HE weighed just 15kg - no match for the powerful 57kg bull mastiff cross that, over 15 horrifying minutes, ended the life of a beautiful toddler.
Deeon Higgins never had a chance when the dog, named Kingston, attacked the two-year-old in his grandmother's Deniliquin home, in the Riverina, on Sunday.
Kingston had never attacked anyone before, according to the family, so why he pounced was a mystery.
Police who saw the aftermath said dogs such as Kingston were bred differently and "you really can never relax with these dogs as family pets".
But horse racing legend Roy Higgins, Deeon's great-uncle, last night said these breeds should not be allowed in the country: "Unfortunately, this lovely young boy has been a victim of that."
"It's just so sad to see a young beautiful life like that taken. The country has got to start looking at these animals that have been allowed in," Mr Higgins, a famous jockey, said.
Deeon's cousin, two-year-old Kingston's owner, is unlikely to be charged because the dog was not a prohibited breed and registered with the council.
DOG MAULS TODDLER TO DEATH
The cousin also offered a heartfelt apology on Facebook: "I'll never know what happen(ed) but it's left me with a big hole in my heart. I'm sorry! I love you!"
Family members said they did not blame him, putting the death down to a tragic accident.
Deeon had been getting an ice-cream from the outdoor freezer at his grandmother Joyce Higgins' home about 2.30pm on Sunday.
The 71-year-old was looking after Deeon while his mother Vicki Higgins shopped. She rushed outside when she heard his screams and managed to pry him from the dog's jaws and take him inside the house. But the powerful pet followed and took hold of him again. This time, the grandmother was too frail to save him - at one point collapsing from exhaustion. Deeon's mother returned 15 minutes into the attack and fought Kingston off, but the toddler died a short time after arriving at hospital. His grandmother was treated for exhaustion, bruising and abrasions but later discharged. The dog has been put down.
Deeon's uncle Greg Hill said yesterday that Deeon's mother and grandmother were "traumatised". "They're not real good," he said.
Close family friend and deputy mayor Ashley Hall said it had been a "horrific couple of days" for the family. "They're in shock and really trying to take it all in now," he said.
"The dog was familiar with quite a lot of the grandkids who go there and frequent the grandmother's house.
"She's devastated because she's so exhausted and can't believe it happened. Joyce's life is her grandkids."
How pollies dogged a dangerous-canine law
THE state government failed to commit to tougher dangerous dog laws, despite receiving in February a suite of recommendations from a taskforce chaired by Local Government Minister Don Page.
A spokesman for Mr Page said the government would consider introducing a new category of "menacing dog" and would write to the Prime Minister in support of a national dangerous dog register, but is still consulting the public on other ways to keep people safe from dangerous pets.
Mr Page also refused to commit to tougher penalties for owners of dangerous dogs who do not comply with the law.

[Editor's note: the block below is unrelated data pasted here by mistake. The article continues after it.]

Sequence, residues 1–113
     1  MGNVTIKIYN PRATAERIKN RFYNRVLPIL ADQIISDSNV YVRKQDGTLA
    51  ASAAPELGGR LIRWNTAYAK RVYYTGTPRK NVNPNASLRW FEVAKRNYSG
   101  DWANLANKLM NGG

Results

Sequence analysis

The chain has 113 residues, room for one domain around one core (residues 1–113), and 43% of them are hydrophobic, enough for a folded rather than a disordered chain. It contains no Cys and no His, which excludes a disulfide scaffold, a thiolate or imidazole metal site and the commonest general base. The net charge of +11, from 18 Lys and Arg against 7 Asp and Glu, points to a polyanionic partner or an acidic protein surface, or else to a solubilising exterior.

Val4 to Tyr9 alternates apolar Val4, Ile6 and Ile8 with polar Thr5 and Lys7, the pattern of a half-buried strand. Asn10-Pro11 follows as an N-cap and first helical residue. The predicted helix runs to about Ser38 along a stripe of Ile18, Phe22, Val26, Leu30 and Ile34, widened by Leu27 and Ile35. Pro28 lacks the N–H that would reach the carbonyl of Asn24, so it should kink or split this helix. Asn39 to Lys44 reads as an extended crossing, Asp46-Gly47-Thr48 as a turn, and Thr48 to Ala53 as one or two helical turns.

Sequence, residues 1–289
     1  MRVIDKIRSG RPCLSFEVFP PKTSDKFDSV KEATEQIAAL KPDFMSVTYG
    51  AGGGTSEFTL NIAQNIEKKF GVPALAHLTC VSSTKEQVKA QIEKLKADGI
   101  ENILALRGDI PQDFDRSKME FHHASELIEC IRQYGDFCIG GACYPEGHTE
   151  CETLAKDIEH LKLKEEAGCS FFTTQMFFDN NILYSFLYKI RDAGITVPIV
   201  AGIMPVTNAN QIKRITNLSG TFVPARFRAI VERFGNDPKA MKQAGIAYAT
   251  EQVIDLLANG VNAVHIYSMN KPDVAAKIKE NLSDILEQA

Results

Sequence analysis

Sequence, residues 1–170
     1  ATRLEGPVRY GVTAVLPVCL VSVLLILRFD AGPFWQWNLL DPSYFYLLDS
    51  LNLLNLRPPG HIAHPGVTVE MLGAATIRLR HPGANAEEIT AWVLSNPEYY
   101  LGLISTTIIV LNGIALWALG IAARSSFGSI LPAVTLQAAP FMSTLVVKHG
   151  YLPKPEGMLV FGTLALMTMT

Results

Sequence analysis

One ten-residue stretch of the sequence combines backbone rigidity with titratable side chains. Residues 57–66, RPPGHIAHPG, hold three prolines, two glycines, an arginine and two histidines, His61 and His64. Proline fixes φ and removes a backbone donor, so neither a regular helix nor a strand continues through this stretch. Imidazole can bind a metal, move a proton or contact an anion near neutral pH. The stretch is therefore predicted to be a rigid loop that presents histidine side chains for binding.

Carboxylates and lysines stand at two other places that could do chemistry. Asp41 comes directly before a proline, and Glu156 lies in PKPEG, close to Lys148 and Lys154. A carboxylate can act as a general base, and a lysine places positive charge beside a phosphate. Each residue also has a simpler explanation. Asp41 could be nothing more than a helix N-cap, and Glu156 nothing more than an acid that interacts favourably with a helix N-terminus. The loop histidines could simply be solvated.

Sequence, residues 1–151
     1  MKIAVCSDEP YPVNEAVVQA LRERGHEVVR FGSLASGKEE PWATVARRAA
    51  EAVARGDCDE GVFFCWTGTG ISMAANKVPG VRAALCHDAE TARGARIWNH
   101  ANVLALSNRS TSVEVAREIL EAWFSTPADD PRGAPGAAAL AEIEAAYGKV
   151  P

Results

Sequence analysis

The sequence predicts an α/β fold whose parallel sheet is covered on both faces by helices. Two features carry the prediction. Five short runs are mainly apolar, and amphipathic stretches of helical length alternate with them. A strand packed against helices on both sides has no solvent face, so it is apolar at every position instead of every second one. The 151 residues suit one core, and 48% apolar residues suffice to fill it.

Owners of dangerous dogs have to keep them in secure enclosures, muzzle them, and make them wear distinctive collars when out in public.
It is also illegal to leave a dangerous dog in the care of a person under the age of 18. The dangerous dog report delivered to the state government suggested giving councils the power to immediately seize dangerous dogs if they are not registered, abolishing the seven-day compliance period currently given to owners.
It said the seven-day notice period allowed irresponsible owners to move the dog on the day council arrives to inspect the property, allowing the animal to remain unregistered.
The government has also been asked to introduce mandatory annual registration for dogs, to educate the community about restricted breeds and to push for hospitals and GPs to report all dog attacks. It recommended councils should also be able to declare a dangerous dog automatically, if there was evidence that dog was declared dangerous in another state.
Mr Page's spokesman said the government was considering 5000 public submissions on the recommendations. "The NSW government is committed to promoting responsible dog ownership and will continue to provide councils with the necessary powers to help prevent dog attacks from occurring in this state," he said.
Premier Barry O'Farrell said dangerous dogs were the responsibility of pet owners.
"The solution is more responsible ownership," he said.
Opposition local government spokeswoman Sophie Cotsis said the government was wasting time and needed to urgently review penalties for dangerous dog owners who do not comply with the law. Owners can be fined $1320 for failing to register their dog, or not keeping it properly enclosed, and there is a maximum penalty of $55,000 or two years jail for the owner of a dangerous dog who attacks or bites a person. "The government has to properly resource councils so they can ensure enforcement and compliance," Ms Cotsis said. "Dog owners have a huge responsibility to make sure they comply with the law, and the government should review the penalties for not doing so."
Ms Cotsis wants a dangerous dogs hotline, a measure introduced by the Victorian government following a coroners report on a fatal attack.
Read more: No Cookies | thetelegraph.com.au